A disabled Missouri veteran asked a federal appeals court Wednesday to order the Transportation Security Administration to reinstate his Pre-Check membership, which the agency suspended three weeks after he sued it to overturn the Federal Transportation Mask Mandate.
Pre-Check allows known travelers who register with TSA to use expedited airport security lanes.
Anthony Eades, 40, of Warsaw, Missouri, has been a Pre-Check member for five years. He’s part of a group of 13 disabled flyers plus a former flight attendant from nine states and the District of Columbia who filed six lawsuits Oct. 19 around the country charging TSA with exceeding its legal authority by continuing to extend a requirement that all public-transportation passengers don face masks.
Then on Nov. 10, the agency sent him a letter stating “As a result of recurrent checks and based on a comprehensive background check, TSA was unable to determine that you pose a sufficiently low risk to transportation and national security to continue to be eligible for expedited airport security screening through the TSA Pre-Check Application Program.”
In the motion filed today with the U.S. Court of Appeals for the District of Columbia Circuit, Eades wrote he has not flown since March 14 because he can’t wear a mask due to injuries suffered while serving in the U.S. Army in Iraq.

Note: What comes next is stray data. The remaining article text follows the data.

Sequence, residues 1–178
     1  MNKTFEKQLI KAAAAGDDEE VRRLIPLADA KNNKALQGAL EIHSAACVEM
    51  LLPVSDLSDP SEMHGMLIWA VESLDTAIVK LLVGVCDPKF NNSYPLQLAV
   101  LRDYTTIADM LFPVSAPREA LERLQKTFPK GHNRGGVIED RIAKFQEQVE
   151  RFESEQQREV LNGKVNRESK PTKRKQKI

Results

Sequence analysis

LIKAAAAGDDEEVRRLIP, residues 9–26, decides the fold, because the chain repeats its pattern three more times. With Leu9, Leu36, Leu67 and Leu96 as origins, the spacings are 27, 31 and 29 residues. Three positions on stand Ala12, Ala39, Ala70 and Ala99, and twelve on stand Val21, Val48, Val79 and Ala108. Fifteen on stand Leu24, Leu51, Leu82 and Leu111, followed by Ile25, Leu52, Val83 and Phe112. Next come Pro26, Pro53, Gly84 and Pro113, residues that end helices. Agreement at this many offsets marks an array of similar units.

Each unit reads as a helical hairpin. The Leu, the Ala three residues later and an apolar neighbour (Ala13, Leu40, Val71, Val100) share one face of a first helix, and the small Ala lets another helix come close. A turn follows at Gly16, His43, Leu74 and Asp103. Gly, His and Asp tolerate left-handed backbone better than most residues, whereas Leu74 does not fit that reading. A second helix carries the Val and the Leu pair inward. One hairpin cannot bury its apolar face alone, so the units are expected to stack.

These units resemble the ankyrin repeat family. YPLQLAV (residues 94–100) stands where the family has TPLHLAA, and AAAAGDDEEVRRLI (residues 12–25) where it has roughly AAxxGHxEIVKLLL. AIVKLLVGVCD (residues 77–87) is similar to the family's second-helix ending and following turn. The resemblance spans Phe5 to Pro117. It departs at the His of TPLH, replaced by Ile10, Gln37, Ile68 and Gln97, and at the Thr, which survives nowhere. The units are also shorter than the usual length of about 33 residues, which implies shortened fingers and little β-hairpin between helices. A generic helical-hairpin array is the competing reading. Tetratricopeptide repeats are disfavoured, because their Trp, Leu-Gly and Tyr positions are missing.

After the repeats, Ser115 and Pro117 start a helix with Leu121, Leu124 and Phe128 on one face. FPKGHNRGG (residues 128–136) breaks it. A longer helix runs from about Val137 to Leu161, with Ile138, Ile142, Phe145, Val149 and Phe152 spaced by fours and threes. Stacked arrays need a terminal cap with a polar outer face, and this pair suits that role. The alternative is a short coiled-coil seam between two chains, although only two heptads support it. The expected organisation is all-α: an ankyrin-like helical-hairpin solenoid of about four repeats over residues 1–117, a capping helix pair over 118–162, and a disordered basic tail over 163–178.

“This action represents illegal retaliation against me for suing TSA to stop the FTMM,” Eades declared. “I have not been arrested or charged with any crimes. The only thing I have done to attract TSA’s attention since my Pre-Check membership was reapproved May 27 was file this lawsuit.”
Eades asks the Court of Appeals to order TSA “to immediately restore my Pre-Check membership.
Finally, the Court should direct TSA to show cause within 10 days of the entry of an order why it should not be sanctioned and/or held in contempt for illegally retaliating against me for bringing this lawsuit seeking review of its ultra vires FTMM orders in direct disdain for this Court’s constitutional and statutory authority to consider challenges to agency actions.”
This marks the second time TSA has unlawfully retaliated against a disabled American suing to block the mask mandate.
Faris filed an emergency motion Oct. 27 with the U.S. Court of Appeals for the Sixth Circuit demanding he be removed from the watchlist. Three days later, TSA did just that.
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